Wikipedia Article on Human Computer Interaction

Discussion on Wikipedia Article on Human-Computer Interaction


  1. The ACM definition of human-computer interaction: “A discipline concerned with the design, evaluation and implementation of interactive computing systems for human use and with the study of major phenomena surrounding them.”
  2. The Three Mile Island accident was (“at least partially”) attributed to poor HCI design. The article backing up this statement says that a control panel displayed the incorrect status of a valve, indicating that it was operating correctly, when in fact, it was broken. They classify a “display failure” as poor HCI design.
  3. The “differences with related fields” section mentions “human factors” and “ergonomics”, but not “interaction design”. Is interaction design the modern term for human factors? There is a separate Wikipedia page on interaction design that points back to HCI as a related discipline. There is a “see also” link on the HCI page to the Interaction design page.
  4. The article distinguishes between “design principles” (testing and measuring effectiveness) and “design methodologies” (modeling how users interact with the system).
  5. Two interesting lists, one embedded, the other referenced: (1) The 13 principles of display design from a book on human factors engineering. Would be helpful to have examples for each one; and (2) The seven principles of user interface design, Principles of User Interface Design (including the two laws). These two lists seem like a good tool for both evaluating and creating interfaces.
  6. There are trade-offs between having the HCI model “the real world” (e.g., desk-top metaphor) versus creating a whole new style of interaction. Sometimes inventing a new way is better (for example, the sewing machine became practical when it stopped trying to replicate hand-sewn stitching).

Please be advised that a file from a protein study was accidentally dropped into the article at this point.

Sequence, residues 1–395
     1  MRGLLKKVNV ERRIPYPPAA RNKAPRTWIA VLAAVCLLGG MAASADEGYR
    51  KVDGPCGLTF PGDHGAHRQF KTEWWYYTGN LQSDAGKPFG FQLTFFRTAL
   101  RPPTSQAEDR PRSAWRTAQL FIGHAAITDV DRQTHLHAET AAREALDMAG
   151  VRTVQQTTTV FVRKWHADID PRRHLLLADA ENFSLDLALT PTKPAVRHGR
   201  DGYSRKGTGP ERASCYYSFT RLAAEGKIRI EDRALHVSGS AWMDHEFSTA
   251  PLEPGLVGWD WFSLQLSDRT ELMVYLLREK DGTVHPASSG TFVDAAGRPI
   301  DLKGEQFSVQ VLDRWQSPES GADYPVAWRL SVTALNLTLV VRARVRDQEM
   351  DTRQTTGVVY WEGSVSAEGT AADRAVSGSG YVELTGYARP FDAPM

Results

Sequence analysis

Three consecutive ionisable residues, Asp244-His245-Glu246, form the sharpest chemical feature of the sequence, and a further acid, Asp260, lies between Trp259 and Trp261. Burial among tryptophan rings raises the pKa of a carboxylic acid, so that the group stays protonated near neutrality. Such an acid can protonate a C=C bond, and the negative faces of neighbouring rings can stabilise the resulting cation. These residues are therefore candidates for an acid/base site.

7. A related trade-off is the role of the end users is in the UI design. In some cases, users can help guide the experience, in others, someone must imagine what is possible and bring the user in for testing.
  8. HCI is multidisciplinary, requiring contributions by individuals from a variety of fields. Determining at what time and to what degree experts are brought into the design is a complex decision.
  9. Many HCI issues are domain specific and cannot be (or have not been) generalized.
  10. An interface that is “less than optimal” might still be good, if it is familiar to the user. Two examples include the airplane control system mentioned in the article and the QWERTY keyboard.
  11. Interfaces sometime require redundancy to improve usability.
  12. Following design principles when building user interfaces is important. Two areas mentioned in the paper that are sometime overlooked are the principle of predictive aiding and the principle of multiple resources.
  13. The article describes the design, test, analyze, repeat process for building interfaces, but does not provide much information on the test phase.
  14. HCI needs to include ubiquitous computing—in which the user interacts with multiple computers simultaneously or in close transition (e.g., listening to music on a personal player, then moving to an in-house stereo).
  15. The article contains a number of references and links to potential papers for student review and reporting.